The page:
Today’s labour force data from the ABS confirmed that the jobs market remains sluggish, with Queensland’s unemployment rate at 5.9 per cent in seasonally adjusted terms. Unfortunately, the ABS data aren’t very precise for Queensland and it’s hard to have a great deal of confidence in either the seasonally adjusted data, which are highly volatile as I’ve discussed before (Don’t read too much into one month’s unemployment figures – Qld data pretty volatile), or the trend data, which are based on a backward-looking data smoothing procedure that yields some weird results from time-to-time.
For example, the reported drop in Queensland’s trend unemployment rate to 5.7 per cent in December from 5.8 per cent in November is weird. Given the seasonally adjusted unemployment rate has been 5.9 per cent for the last six months, except for November when it dropped to 5.7 per cent before returning to 5.9 per cent last month, my best guess would be the trend unemployment rate is around 5.9 per cent. It’s probably been around 5.9 per cent for the last six months and the lower November figure simply reflects the volatility in the data series.
My guess is that the trend unemployment rate fell in December because the ABS’s data smoothing procedure is now giving less weight to the rogue June 2013 seasonally adjusted unemployment rate of 6.4 per cent than it did in previous months. That is, I suspect the weird drop in the trend unemployment rate in December is due to the data smoothing procedure being compromised by the bad data point from June – another bad data point due to a too small sample of households from Queensland in the Labour Force Survey and consequently a high degree of sampling error and volatility in the data. It would be desirable for the ABS or Queensland Treasury to investigate whether this is the case. Also, it would be desirable for Queensland Treasury to delve a bit deeper into the ABS data it reports on in its information briefs, and to question whether the data it’s reporting on make sense or not.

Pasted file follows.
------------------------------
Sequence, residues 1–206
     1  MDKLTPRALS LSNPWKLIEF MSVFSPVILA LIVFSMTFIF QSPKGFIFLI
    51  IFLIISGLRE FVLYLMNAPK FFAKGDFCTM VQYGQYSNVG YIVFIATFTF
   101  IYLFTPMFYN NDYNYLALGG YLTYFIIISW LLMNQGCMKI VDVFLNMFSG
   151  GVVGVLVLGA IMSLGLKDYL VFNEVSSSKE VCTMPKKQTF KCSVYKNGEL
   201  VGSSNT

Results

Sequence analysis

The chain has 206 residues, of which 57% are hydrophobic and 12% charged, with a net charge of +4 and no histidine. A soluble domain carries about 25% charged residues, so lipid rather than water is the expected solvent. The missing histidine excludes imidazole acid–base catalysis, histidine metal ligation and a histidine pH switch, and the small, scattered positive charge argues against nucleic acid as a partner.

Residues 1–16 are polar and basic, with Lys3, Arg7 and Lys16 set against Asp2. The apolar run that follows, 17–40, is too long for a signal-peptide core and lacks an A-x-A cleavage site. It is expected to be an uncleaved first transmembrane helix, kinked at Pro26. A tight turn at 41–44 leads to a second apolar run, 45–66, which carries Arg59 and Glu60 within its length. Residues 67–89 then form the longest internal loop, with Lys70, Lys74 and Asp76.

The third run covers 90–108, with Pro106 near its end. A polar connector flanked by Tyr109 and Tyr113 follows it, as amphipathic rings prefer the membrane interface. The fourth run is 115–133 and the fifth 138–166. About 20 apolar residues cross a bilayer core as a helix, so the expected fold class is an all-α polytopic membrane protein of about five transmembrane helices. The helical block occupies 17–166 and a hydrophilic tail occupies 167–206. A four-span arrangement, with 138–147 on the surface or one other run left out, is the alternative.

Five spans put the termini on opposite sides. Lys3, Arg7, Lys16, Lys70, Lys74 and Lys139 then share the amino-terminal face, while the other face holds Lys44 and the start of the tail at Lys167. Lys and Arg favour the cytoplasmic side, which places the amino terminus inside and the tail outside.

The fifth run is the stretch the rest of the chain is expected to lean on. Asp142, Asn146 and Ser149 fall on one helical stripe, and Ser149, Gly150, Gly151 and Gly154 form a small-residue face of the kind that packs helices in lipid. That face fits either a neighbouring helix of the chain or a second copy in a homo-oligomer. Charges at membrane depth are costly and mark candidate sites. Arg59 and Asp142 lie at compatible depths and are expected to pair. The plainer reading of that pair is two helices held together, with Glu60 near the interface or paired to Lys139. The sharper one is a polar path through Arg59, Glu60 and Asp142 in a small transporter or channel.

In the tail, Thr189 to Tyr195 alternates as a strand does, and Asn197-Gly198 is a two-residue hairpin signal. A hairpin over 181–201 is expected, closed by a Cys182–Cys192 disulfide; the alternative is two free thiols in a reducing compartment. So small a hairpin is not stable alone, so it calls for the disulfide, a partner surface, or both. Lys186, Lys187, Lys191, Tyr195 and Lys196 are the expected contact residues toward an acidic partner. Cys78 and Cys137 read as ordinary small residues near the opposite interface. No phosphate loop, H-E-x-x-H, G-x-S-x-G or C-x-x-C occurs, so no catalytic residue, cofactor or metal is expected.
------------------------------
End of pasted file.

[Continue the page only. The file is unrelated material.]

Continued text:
Finally, while the jobs market remains sluggish, it’s still pretty reasonable by historical standards, particularly if you can recall the much higher unemployment rates in the 1980s and 1990s, as I’ve discussed in an earlier post:
Other commentary on Queensland’s labour market can be found at: